Safe measures: recommendations for navigating two new regulatory measures aimed at improving safety.
THE FOOD SAFETY MODERNIZATION ACT
The Food Safety Modernization Act (FSMA), which became law in January 2011, is the biggest change to food safety regulation since Franklin D. Roosevelt signed the Food, Drug and Cosmetic Act in 1938. It came on the heels of a string of headline-grabbing outbreaks of foodborne illnesses: In 2006, E. coli-tainted spinach killed three people and sickened hundreds, and a Salmonella outbreak was linked to peanut butter. Salmonella sickened people across 43 states in 2008 and was linked to contaminated chili peppers, tomatoes and cilantro. And in the summer of 2010, nearly 2,000 cases of Salmonella led to a recall of hundreds of millions of eggs.
Each of these cases and numerous similar outbreaks led the Food and Drug Administration (FDA) to identify that a problem existed and then trace it back to certain products and facilities, where investigators probed the source and cause of the contamination to prevent future outbreaks. The central goal of FSMA was to change the paradigm from reaction to prevention.
To this end, FSMA requires facilities that manufacture, process and package food products to develop and implement food safety plans tailored to the specific risks of their products and facilities, encompassing policies and procedures to prevent contamination and other safety hazards. Processors also have to monitor their supply chains to ensure that at every step of the way, proper preventive controls are in place.
The requirement has been in place since July 2012, but the FDA has not yet issued regulations implementing the rules--in fact, the delay was the subject of a lawsuit two public interest groups filed in August 2012 seeking to force the FDA and Office of Management and Budget to enforce FSMA.
The legislation provides a framework for what companies are expected to do: conduct an analysis of reasonably foreseeable risks, implement controls to prevent those hazards, and monitor systems to ensure compliance and effectiveness and to adjust as necessary. What this entails is not new to food companies--a Hazard Analysis and Critical Control Points (HACCP) program, good manufacturing practices (GMP) and other measures are concepts well-known in the food industry, says Joseph Levitt, a partner at Hogan Lovells and the former director of the FDA's Center for Food Safety and Applied Nutrition.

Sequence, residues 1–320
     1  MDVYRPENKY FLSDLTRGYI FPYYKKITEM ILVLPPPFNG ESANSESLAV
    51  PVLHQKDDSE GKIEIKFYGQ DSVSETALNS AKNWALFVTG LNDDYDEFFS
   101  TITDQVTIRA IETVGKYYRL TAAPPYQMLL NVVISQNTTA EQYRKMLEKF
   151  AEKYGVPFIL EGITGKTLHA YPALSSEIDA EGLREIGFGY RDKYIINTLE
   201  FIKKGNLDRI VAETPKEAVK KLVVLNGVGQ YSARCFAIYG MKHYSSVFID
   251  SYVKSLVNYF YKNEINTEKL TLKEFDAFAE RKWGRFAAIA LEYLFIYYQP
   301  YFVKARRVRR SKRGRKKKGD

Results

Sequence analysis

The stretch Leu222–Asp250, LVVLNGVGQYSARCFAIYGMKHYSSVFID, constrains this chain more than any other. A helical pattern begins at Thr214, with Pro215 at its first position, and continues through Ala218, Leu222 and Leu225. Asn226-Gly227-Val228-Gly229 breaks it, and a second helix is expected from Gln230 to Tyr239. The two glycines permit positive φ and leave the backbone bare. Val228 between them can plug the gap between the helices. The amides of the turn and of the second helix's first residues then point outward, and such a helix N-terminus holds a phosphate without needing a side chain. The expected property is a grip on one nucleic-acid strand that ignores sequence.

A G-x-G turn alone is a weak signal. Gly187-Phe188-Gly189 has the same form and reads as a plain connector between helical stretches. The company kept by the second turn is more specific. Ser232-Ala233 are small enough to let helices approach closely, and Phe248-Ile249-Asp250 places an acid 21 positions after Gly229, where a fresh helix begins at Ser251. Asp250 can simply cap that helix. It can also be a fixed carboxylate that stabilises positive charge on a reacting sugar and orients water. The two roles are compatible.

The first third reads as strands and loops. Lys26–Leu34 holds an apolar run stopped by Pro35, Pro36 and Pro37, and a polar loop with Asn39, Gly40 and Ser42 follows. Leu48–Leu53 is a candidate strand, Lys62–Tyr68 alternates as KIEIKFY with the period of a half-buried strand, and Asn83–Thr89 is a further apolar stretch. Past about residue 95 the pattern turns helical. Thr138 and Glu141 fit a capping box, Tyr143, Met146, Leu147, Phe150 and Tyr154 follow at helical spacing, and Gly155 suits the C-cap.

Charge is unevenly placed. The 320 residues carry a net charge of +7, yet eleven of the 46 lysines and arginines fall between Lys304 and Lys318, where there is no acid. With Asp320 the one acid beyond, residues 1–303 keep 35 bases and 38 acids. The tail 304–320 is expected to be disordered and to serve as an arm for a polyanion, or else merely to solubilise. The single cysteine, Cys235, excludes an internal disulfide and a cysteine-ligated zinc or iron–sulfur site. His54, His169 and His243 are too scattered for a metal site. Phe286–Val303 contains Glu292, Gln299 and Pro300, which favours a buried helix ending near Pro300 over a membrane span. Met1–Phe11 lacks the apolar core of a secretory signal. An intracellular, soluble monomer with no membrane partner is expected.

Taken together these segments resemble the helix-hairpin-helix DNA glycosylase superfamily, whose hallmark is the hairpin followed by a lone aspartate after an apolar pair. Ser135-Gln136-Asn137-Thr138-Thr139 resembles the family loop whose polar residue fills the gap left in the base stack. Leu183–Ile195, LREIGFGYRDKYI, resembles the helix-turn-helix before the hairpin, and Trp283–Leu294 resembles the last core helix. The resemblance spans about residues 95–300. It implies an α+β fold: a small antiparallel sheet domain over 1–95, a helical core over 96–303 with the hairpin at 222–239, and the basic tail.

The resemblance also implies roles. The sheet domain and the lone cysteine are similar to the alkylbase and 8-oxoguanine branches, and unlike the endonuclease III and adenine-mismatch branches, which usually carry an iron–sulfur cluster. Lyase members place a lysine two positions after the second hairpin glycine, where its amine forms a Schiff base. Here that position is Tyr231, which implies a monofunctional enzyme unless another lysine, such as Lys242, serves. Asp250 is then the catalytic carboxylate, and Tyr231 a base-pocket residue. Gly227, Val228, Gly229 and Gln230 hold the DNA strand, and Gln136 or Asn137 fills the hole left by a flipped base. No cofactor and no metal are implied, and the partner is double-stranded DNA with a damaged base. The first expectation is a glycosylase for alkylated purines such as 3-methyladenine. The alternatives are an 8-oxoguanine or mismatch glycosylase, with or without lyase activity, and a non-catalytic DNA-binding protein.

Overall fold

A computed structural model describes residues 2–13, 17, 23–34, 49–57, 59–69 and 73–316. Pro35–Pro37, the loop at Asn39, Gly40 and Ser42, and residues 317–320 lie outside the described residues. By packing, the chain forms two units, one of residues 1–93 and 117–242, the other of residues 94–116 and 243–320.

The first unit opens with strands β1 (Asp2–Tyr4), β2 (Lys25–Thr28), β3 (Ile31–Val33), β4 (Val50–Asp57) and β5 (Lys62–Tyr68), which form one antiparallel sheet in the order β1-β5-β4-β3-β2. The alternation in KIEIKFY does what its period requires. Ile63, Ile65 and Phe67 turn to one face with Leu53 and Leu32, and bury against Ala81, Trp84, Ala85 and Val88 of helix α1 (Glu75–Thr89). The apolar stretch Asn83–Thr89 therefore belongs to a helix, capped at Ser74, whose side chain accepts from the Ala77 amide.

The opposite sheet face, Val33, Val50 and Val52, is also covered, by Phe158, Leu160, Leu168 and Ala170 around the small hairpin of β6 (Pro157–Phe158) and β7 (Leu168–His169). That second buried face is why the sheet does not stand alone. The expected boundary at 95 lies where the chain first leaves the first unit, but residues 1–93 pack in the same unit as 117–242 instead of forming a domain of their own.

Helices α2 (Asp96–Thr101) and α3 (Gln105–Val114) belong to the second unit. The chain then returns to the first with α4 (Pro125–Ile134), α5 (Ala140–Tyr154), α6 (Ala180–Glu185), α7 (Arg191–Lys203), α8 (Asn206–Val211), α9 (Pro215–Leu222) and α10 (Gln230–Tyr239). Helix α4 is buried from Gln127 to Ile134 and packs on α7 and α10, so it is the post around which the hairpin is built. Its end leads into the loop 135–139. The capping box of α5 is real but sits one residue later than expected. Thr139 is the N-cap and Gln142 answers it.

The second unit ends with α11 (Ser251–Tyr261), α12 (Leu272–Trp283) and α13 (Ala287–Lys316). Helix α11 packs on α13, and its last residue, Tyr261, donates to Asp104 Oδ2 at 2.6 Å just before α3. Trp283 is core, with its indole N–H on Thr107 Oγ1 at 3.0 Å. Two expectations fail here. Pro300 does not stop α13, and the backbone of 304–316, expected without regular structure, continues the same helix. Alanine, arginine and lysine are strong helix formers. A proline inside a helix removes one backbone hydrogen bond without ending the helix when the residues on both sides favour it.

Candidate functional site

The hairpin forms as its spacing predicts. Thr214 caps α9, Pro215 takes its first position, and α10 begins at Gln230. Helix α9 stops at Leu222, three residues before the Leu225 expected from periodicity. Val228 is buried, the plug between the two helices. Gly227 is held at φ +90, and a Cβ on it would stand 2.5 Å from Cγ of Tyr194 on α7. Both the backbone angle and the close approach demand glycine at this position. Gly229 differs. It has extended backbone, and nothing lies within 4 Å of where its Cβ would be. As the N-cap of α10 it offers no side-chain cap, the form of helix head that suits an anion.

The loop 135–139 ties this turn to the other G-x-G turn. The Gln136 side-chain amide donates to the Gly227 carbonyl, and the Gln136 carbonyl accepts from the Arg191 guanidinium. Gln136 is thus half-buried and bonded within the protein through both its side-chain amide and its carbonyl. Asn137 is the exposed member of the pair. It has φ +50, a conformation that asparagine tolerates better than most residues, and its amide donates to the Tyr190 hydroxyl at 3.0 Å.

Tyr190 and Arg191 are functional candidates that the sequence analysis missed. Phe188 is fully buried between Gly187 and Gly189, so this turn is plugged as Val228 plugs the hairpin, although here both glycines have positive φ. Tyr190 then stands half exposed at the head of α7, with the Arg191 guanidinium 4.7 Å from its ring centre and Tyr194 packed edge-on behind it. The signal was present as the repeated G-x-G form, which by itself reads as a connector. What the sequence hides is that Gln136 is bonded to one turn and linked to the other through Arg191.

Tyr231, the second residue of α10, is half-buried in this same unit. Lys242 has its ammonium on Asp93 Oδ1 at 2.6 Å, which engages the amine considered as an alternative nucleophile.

Additionally, FSMA gives the FDA more oversight over imported food suppliers and imposes new requirements on importers, mandates more frequent and robust FDA inspections of food-processing and -handling facilities and gives the FDA mandatory recall authority.
Wave of Litigation
Richard Morgan, managing partner at Bowman and Brooke, says he expects FSMA to contribute to rising private lawsuits against food companies and that food safety litigation is going to be "the big litigation wave of the next 10 years."
And because FSMA contains a number of prohibitions on its requirements preempting state and local laws, Morgan says food companies are going to be more at risk than drug and device companies that can fall back on preemption. Expect lawsuits to spike when the FDA's regulations come into effect, he says.
"The plaintiffs bar will do the usual negligence claims," he says. "But if your paperwork [documenting safety plans and preventive controls, as FSMA requires] doesn't match up with what the regulations require, that's going to give them more evidence on whether there might be a strict product liability claim or whether there was a manufacturing issue, and that's going to cause a lot of exposure for food companies. At some point, the question becomes whether [noncompliance] can be shoehorned into state consumer fraud statutes and lead to class actions."
FSMA comes at an interesting time for the FDA, which has stepped up inspections and enforcement in recent years. Levitt points to warning letters based on noncompliance with GMP regulations that the FDA sends to companies not subject to HACCP regulations. Previously, the FDA viewed GMP regulations as very general and hard to enforce, but it has taken a new approach: Last year, the FDA sent almost 100 such warning letters, Levitt says.
In addition, the FDA has been performing more frequent, targeted and rigorous inspections. In a few cases, it has gone to court seeking injunctions to force violators either to halt processing and distributing or to implement an FDA-approved HAACP plan.